In efforts to rein in short-term home rentals, officials in Amsterdam said the city would be imposing a cap of 30 nights per year as of 2019.
“During the last few years there has been massive growth in the market of renting out homes to tourists… The increase in numbers has had an (unwanted) effect on various Amsterdam neighborhoods,” a city council executive said in a statement, adding that the measure was aimed at stemming “the negative influence of holiday home rentals”.
The online platform’s public policy manager for the Netherlands and Scandinavia, Bo de Koning, expressed disappointment with the city’s intention. Citing statistics, she noted that an Amsterdam proprietor earned less than 4,000 euros per year leasing their home for an average of less than three days per month, and added that in 2015 and 2016, Airbnb collected more than 11 million euros in tourist tax for the city.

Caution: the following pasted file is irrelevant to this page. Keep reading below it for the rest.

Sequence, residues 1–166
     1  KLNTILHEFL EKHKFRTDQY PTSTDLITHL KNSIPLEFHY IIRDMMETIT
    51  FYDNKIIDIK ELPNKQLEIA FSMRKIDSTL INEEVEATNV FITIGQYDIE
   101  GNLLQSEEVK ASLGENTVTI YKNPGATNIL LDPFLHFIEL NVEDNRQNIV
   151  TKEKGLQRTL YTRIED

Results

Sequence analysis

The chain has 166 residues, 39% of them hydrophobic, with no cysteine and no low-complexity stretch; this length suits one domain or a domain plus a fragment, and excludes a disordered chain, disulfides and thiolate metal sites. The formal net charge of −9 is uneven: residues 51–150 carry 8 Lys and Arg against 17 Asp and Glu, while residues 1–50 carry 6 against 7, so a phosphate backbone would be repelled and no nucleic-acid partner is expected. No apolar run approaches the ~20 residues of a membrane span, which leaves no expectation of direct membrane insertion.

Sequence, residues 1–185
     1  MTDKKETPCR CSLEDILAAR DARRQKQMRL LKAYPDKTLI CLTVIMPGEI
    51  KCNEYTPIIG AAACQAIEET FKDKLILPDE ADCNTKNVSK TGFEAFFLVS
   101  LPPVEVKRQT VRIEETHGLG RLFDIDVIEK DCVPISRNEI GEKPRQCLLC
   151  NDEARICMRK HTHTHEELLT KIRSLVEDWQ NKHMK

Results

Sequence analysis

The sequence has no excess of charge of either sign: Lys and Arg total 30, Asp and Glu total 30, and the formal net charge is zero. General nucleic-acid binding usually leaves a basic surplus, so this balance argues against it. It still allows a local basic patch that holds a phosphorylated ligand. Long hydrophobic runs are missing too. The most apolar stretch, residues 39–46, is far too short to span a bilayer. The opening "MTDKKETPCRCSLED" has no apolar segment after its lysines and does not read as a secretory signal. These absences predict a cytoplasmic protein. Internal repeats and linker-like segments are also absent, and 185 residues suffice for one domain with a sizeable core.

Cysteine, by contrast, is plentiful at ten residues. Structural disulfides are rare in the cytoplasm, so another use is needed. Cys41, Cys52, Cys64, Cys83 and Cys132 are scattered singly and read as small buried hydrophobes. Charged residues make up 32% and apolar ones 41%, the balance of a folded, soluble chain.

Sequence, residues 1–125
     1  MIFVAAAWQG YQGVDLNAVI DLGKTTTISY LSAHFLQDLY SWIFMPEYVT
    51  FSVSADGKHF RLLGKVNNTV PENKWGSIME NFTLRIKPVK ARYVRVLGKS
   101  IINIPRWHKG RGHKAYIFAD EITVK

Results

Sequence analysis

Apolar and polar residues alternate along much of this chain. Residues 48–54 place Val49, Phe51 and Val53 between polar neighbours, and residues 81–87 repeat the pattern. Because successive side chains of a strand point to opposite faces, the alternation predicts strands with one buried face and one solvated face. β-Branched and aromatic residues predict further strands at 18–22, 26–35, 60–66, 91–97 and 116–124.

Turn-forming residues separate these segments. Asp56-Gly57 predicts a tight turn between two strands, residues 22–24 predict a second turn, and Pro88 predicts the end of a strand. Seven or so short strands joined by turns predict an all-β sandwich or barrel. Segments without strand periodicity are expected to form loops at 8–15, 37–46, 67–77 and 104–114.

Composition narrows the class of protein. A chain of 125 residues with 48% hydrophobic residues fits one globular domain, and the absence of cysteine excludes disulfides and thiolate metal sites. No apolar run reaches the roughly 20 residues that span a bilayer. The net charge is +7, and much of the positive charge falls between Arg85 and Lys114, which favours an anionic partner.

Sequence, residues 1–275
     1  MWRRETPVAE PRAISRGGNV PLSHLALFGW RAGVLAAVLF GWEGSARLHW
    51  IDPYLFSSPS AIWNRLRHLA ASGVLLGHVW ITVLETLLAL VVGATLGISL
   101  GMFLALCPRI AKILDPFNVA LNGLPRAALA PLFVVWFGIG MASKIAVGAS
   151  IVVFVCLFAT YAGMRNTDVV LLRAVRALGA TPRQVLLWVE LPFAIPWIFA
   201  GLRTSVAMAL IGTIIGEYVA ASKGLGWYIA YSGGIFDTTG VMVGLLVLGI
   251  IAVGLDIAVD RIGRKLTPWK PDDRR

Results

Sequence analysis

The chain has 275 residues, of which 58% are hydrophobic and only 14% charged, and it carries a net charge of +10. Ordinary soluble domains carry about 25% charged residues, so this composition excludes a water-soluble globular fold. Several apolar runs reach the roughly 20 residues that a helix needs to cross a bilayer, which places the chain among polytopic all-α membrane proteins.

A law in Greece which took effect at the start of the year in a first effort to regulate the practice, foresees a cap of 90 days per year at popular destinations (50 days at smaller destinations) and enrollment on an online registry.
Paris allows 120 night stays per year but has also obliged hosts to register their properties with the city so it can better track compliance. Authorities in Berlin, in efforts to address a shortage of affordable housing, prohibited non-city residents from leasing out entire homes through accommodation platforms without a permit. The cap there is 182 days per year.